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The website of Rabbi Moshe Pitchon

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Reading the Book of Exodus (Shemot)

Pessah is arguably “the single most popular and widely observed rite of Judaism.”

The holiday’s significance is grounded on a Judaism pregnant with meaning capable of harnessing the power of ideas and experiences that enrich and enlighten lives, a Judaism that engages and powers the community to work for a better world, not a Judaism based on nostalgia and ritual.

For this, the message of the holiday has to be heard and mulled over. It's challenging to accomplish this during the Seder. Despite what might seem paradoxical, the story from where the Pessah celebration arose is not found in the Haggadah- which is read aloud during the Seder- but in the first fifteen chapters of the second book of the Torah: Shemot (Exodus).


Seder, Monday April 22
Monday, April 29

Last Day

of Rabbi Moshe Pitchon

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Reading the Book of Exodus-שמות Today

An Incident in a Small Middle Eastern Tribe

What really happened that night, on that day hundreds and hundreds of years ago, when the Book of Exodus tells us that

Pharaoh rose up in the night, he, and all his servants, and all the Egyptians; and there was a great cry in Egypt… And he called for Moses and Aaron by night and said: ‘Rise up, get you forth from among my people, both ye and the children of Israel; and go, serve the Lord, as you have said. Take both your flocks and your herds, as you have said, and be gone; and bless me also.’

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The Hyksos

“…we cannot ignore the possible inclusion of the expulsion of the Hyksos in the source materials which was available for literary activities. One may assume that the Hyksos experience was retold in different ways and in different circles through time. This is not to say that the Hyksos experience should be identified with the story about the Israelites living Egypt. However, the Hyksos event could have been part of the … common tradition which the biblical narrator used for background […] exodus and the consequent wanderings in the wilderness are part of a historical chain of happening and traditions […]”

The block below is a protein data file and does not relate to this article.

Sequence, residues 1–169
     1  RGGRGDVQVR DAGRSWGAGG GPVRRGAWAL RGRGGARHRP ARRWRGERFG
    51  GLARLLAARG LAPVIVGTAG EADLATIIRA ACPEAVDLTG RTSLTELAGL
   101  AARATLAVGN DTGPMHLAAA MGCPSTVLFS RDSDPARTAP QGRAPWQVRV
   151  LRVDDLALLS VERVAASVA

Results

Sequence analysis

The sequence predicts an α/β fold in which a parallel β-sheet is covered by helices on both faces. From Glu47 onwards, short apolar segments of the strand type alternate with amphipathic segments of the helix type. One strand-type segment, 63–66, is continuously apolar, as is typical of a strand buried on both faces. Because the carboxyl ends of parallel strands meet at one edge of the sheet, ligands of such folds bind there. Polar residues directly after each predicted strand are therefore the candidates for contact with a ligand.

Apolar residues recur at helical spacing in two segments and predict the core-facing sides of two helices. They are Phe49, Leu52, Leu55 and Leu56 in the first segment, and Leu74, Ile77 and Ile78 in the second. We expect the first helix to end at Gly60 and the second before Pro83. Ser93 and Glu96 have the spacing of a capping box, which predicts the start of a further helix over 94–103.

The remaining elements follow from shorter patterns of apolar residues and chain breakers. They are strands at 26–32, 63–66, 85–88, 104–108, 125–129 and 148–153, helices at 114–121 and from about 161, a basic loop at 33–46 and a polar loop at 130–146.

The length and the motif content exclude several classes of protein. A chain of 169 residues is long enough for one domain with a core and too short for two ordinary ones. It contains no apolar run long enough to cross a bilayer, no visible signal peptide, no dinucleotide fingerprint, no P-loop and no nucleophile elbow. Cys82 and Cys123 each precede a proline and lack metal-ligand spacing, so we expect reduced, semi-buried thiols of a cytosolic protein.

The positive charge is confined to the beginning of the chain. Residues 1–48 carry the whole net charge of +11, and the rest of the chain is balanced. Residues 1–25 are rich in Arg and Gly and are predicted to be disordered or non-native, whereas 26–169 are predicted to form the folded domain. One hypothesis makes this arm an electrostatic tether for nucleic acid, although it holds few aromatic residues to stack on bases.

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Line- by- line Biblicaltext and commentaries:

Jewish Holidays

The Passover Message

The unpredictable, inexplicable help that we encounter   With the exodus from Egypt, something radically new happened: history took an unexpected turn, and the world suddenly changed. Exodus, the book that recounts this event, tells us that…

Jewish Theology

God’s “Absence” in Egypt

“The four centuries in Egypt pass without a tale worth telling. As with much of Israel’s desert period and the later Babylonian captivity, the Bible considers this sojourn devoid of noteworthy events.”
This kind of historical “blackout” has driven critics to ask: “What was God doing during those years the Israelites suffered under the Egyptians?”

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